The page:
Saturday, February 16, 2008

Northern Parkway:Every Cloud Has a Silver Line

They say every cloud has a silver lining, that after every tragedy something good comes from it. Land on Northern Parkway west of I-83 is tragically underutilized but something good can come from it, redevelopment and a transit line; the Silver Line.

Northern Parkway was built in the earlier part of the 20th century before interstates to accommodate the automobile, the declining streetcars, and the increasingly suburban nature of north Baltimore. Today Northern Parkway is a four to six lane thoroughfare that runs east west from Belair Road to Liberty Heights Avenue. East of I-83 Northern Parkway isn't much of an issue, the neighborhoods although suburban are generally clean, relatively low crime and vacancy rates, and low poverty rates.

Now let me shift gears a little bit and talk about transit. I've spoken my opinions on the state of Baltimore's rail transit but I'm going talk right now as if everything in the Baltimore Regional Rail Plan was built already and exactly to my specifications granted hell will have frozen over and pigs will be flying but stay with me anyway. Many of the transit lines go through north Baltimore but they've got no connection within North Baltimore they all meet up Downtown. Suppose someone wants to stay in north Baltimore but wants to ride rail transit? That's where the new silver line comes in. It will allow north Baltimore region to ride rail transit without having to go Downtown if they don't want to.

The Silver line will be the only line that doesn't go Downtown but it will connect to other lines allowing for TOD and gentrification. The Silver Line will begin at Belair Road and then meet the Green Line Northern Parkway stop at Harford Road and will travel west along Northern Parkway and meet the Yellow Line at York Road and Belvedere Square. It will then meet Charles Street marking the northern terminus of the Charles St.Trolley Line. It will then meet the Blue Line at I-83 and continue west to meet the Green Line. My tweaking of the Green Line will have it meet Reisterstown Road and travel under it above Northern Parkway and then will turn westerly to run parallel to Northern Parkway and the Silver Line until it meets Wabash Avenue and the Green Line will turn south and run under Wabash Avenue which it currently runs above. After Wabash Avenue the Green and Silver Lines will no longer cross paths, Northern Parkway dead ends at Liberty Heights Avenue right after this. Now this is where things will get complicated because although Northern Parkway ends, the Silver Line still has a journey to complete. It will have a stop at Grove Park (The End of Northern Parkway) and then turn easterly to run under Liberty Heights Avenue. It will stop at Gwynn Oak Avenue at the newly redeveloped retail center that will replace Super Pride. It will continue on Liberty Heights until Garrison Boulevard where it have a stop and it will turn south and run under Garrison Boulevard. Garrison Boulevard ends at Clifton Avenue which will be a great place for a Walbrook Junction stop. It will run under Clifton Avenue for a New York Minute and then it will once again turn south and run under Hilton Parkway. The Silver Line will finally end once and for all at the red line's Rosemont. stop.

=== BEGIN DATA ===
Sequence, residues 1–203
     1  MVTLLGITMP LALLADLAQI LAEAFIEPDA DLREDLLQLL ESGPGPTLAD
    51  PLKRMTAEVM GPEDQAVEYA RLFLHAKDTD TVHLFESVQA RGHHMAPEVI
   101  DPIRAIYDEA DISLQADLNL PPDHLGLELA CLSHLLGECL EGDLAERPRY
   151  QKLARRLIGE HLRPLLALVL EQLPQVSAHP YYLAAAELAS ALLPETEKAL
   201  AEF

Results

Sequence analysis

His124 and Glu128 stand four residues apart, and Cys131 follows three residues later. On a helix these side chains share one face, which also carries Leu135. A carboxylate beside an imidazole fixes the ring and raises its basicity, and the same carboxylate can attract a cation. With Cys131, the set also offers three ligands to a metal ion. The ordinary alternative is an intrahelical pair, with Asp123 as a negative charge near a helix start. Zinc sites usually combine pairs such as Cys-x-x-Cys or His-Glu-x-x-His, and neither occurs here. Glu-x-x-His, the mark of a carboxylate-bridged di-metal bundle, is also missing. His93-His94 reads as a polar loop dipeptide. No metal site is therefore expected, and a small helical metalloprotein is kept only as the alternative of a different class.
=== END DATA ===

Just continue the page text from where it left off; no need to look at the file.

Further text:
Now lets talk benefits of the Silver Line. West of I-83 Northern Parkway may eventually have a lot to offer. The road itself will be narrowed to 2 lanes in each direction with on street parking, sidewalks furniture plantings, additional lighting, and updated traffic signals. Mt. Washington basically turns it back on Northern Parkway with a thick forest separating the two. Well not anymore, new high density mixed use development with apartments, condos, and offices all with ground floor retail will replace the trees from I-83 to Reisterstown Road. Pimlico Middle, which closed last year will be torn and redeveloped in the process. Further down Northern Parkway the aging Seton Business Park will redeveloped as a high density 21st century office park. Across the street from the Seton Business Park is Grove Park and another large swath of trees. I bet you can't guess how I'd develop it huh? Well you're right another mixed use TOD development.

Once the Silver Line parts from Northern Parkway the benefits will be more limited because the neighborhoods aren't as blighted and land isn't available for development. One benefit may include better retail selections for residents like sit down restaurants and high quality grocery stores. Residents have been waiting many years for these services and haven't gotten them yet.

Now it has been said that every cloud has a silver lining but I don't think they were talking about rail transit and the development that follows. Now Here's your Silver Line.

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